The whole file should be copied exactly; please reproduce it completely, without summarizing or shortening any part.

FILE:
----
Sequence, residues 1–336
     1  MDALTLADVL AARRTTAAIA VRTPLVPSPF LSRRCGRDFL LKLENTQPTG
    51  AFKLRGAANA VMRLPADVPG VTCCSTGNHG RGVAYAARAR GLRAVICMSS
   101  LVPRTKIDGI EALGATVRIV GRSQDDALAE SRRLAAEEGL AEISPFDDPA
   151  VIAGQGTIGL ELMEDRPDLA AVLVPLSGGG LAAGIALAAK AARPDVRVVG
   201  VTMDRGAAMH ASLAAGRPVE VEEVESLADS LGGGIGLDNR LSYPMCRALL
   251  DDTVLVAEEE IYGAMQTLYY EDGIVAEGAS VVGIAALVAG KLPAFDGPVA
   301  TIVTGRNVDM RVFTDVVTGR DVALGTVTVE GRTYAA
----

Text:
Sequence, residues 1–336
     1  MDALTLADVL AARRTTAAIA VRTPLVPSPF LSRRCGRDFL LKLENTQPTG
    51  AFKLRGAANA VMRLPADVPG VTCCSTGNHG RGVAYAARAR GLRAVICMSS
   101  LVPRTKIDGI EALGATVRIV GRSQDDALAE SRRLAAEEGL AEISPFDDPA
   151  VIAGQGTIGL ELMEDRPDLA AVLVPLSGGG LAAGIALAAK AARPDVRVVG
   201  VTMDRGAAMH ASLAAGRPVE VEEVESLADS LGGGIGLDNR LSYPMCRALL
   251  DDTVLVAEEE IYGAMQTLYY EDGIVAEGAS VVGIAALVAG KLPAFDGPVA
   301  TIVTGRNVDM RVFTDVVTGR DVALGTVTVE GRTYAA